The Promotion Value of Store Window Displays

17 Mar

Window displays can play a large role in generating the enthusiasm and browsing behavior of shoppers. Great displays can generate store traffic that would otherwise be lacking.

As Barry Rice writes for ShutterCo, a leading provider of shutters in Dublin, Ireland:

“Some fashion brands have gained a reputation for their impressive window displays, most notably high-end brands like Louis Vuitton and Chanel. They go the extra mile when it comes to attracting shopper’s attention.Whether they have effective storyline type displays or they simply let colors or their clothes do the talking, these brands ensure they turn heads with their window displays.”

“It can be a task to get window displays right. In fact, window dressing is an art in itself which requires a lot of experience and of course, attention to detail. In our infographic we outline some of the most impressive window displays over the past few years that have rocked the world of retail. We provide details on each: what is depicted in the display, where it is located, and why is it so effective.These inspiring designs will make you look at window displays in a whole new light — from Bergdorf Goodman to Chanel to Apple.”

“See how visual merchandising is done right with our insightful info graphic on ‘The Art of Window Displays.’ Enjoy!

 

The_Art_of_Window_Displays-Infographic
 

An Infographic Look at the Evolution of Web Design

16 Mar

Web design and the quality/features of Web sites have certainly come a long way over the last 25 years.

AmeriCommerce has put together an excellent infographic on the evolution of Web design:

“During the 25 years since the Internet entered our lives, change has been the only constant. And nowhere has that trend of ongoing change been more evident than in the world of Web design. We all know how important great design is today, but what did Web design look like in 1990? How has it changed over the years? And what can we expect to happen in coming years? We take a look at the history of Web design in our latest infographic.”

 
The History of Web Design
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Social Media Analytics and Google+

15 Mar

For many people, Google+ is an under-appreciated social media platform.

Yet, according to recent data assembled by Craig Smith for Digital Marketing Ramblings (and other sources):

  • Google+ has about 350 million active monthly users.
  • Google + has about 25 million active monthly mobile users.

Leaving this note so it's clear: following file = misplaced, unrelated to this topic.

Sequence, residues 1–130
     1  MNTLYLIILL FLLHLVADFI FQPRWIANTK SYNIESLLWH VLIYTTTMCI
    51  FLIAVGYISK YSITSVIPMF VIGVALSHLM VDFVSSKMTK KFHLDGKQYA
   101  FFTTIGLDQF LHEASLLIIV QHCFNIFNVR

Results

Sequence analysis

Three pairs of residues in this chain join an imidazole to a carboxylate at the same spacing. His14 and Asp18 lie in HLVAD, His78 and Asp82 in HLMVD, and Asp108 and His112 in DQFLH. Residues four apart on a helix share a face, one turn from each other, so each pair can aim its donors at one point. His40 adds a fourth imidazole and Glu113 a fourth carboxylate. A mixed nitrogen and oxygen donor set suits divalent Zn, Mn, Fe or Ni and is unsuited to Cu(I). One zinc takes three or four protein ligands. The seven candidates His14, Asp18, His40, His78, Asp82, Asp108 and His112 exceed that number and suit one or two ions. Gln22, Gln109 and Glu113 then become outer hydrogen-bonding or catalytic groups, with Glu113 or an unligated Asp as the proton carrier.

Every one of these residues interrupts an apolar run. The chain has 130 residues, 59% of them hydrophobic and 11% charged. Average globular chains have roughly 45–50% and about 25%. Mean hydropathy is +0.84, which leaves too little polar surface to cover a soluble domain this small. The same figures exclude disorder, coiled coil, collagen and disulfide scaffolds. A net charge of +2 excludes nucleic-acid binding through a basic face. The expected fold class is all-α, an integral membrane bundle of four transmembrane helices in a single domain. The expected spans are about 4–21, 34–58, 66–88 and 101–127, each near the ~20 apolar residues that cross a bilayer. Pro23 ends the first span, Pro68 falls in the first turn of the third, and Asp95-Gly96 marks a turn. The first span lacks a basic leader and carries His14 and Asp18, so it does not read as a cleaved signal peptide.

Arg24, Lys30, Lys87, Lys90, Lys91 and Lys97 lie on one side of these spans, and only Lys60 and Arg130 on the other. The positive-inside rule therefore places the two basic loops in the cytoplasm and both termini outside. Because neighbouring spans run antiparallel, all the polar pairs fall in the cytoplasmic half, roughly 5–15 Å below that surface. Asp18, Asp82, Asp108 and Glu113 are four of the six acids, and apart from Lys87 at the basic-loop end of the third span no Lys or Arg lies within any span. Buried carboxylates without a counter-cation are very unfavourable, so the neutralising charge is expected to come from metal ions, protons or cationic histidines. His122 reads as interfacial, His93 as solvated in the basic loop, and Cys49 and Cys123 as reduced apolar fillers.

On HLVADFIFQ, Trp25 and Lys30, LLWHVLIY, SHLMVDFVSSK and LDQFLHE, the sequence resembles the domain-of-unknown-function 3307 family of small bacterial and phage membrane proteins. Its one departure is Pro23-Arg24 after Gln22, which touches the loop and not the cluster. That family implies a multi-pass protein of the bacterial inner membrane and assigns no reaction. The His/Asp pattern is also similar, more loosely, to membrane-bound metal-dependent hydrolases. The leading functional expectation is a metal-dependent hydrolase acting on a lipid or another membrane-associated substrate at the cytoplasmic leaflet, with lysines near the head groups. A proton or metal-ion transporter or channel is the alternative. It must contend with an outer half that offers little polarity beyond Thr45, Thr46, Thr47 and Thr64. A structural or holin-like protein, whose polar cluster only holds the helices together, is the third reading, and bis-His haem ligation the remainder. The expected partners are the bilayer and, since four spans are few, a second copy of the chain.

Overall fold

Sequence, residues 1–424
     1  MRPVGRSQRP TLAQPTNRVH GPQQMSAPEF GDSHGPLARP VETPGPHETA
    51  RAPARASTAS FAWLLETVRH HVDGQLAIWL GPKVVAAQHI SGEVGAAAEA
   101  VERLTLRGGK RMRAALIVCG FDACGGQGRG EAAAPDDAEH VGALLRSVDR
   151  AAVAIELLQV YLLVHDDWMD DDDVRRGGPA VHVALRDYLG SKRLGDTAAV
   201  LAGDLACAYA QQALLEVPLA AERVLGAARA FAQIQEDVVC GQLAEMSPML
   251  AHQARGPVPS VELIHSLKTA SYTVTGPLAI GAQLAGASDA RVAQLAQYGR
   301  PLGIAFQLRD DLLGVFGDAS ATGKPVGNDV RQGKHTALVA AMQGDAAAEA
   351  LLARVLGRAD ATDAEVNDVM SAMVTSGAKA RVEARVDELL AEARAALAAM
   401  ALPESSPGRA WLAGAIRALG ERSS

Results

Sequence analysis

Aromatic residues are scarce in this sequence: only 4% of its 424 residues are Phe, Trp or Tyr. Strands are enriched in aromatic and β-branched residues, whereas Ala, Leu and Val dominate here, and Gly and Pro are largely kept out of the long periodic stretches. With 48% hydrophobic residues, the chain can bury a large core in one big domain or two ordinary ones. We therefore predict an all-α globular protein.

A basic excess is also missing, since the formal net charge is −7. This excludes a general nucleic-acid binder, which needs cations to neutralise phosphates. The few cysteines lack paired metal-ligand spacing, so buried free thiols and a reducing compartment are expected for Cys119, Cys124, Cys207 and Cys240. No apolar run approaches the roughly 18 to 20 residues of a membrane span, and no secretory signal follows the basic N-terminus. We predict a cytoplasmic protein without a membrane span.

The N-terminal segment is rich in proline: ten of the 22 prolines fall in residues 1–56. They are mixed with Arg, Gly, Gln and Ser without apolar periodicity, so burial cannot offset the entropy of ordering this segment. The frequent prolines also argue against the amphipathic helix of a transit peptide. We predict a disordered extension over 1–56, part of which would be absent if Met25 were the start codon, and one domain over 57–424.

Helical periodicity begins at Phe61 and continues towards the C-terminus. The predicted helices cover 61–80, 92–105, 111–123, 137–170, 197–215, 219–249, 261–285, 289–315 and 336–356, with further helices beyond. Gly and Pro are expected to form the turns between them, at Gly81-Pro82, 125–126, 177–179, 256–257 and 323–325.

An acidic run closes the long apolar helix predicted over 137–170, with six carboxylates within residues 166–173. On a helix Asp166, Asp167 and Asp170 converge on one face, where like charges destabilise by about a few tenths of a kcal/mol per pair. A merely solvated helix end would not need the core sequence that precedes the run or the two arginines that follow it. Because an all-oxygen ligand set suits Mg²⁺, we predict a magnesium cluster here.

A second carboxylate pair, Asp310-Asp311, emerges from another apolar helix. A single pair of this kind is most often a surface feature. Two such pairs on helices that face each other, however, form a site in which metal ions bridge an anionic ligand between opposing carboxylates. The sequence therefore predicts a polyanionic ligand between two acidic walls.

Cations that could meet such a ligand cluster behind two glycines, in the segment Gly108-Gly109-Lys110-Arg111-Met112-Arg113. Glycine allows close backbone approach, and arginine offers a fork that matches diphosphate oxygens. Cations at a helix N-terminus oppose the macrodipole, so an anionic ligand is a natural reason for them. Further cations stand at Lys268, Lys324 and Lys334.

• 22 percent of online adults visit Google+ at least once per month.
  • There are 100 million Google+ users in China.
  • On Google+, 53 percent of users’ brand interaction is positive.

As a result, it is valuable for us to understand how to utilize the Google+ Dashboard in our social media analysis.

Liz Jostes has written an excellent article with tips on the Google+ Dashboard for Social Media Examiner:

“Do you know how your Google+ business page is performing? Are you using Google+ My Business analytics? The Google+ Dashboard has greatly improved the analytics it offers for its platform. In this article, you’ll discover the Google+ Dashboard and the analytics included in each option.”

Click the image to learn more about the Google+ Dashboard.
 

 

Why People Unfollow Brands on Social Media

14 Mar

Clearly, a key company and individual goal is to have people “like” their social media efforts enough that they become loyal to those efforts. When too many followers abandon social media sites, there is a big problem for marketers.

So, why do people “unfollow” brands? If we can understand the reasons, we can improve our social media approach.

As Andrea Lehr writes for HubSpot:

“One of the most important things a brand can do is understand its target audience. What do they worry about? Where do they hang out? How do they prefer to interact with brands?”

“When they dive into answering these questions, many businesses discover that social media are a goldmine for their marketing efforts. Not only are social networks a popular place for people to hang out on, but also consumers expect brands to have a presence on social media. (And when people follow a brand on Twitter, 72% of followers are more likely to make a future purchase from that brand.)”

To capitalize on these trends, businesses focus on getting new followers in the door – but that’s not all you should be concerned about. Just because you’ve convinced someone to follow your company’s account doesn’t mean they’ll stay. In today’s competitive market, retention is crucial. So what causes people to stop following brands on twitter? BuzzStream and Fractl conducted a survey with more than 900 respondents to better understand why.”

The survey revealed three main reasons for people unfollowing brands: (1) Too much of content is self-promotional or uninteresting. (2) There is too much emphasis on automated messaging; and too little emphasis on personal engagement. (3) Hashtags and platform-specific symbols are used improperly.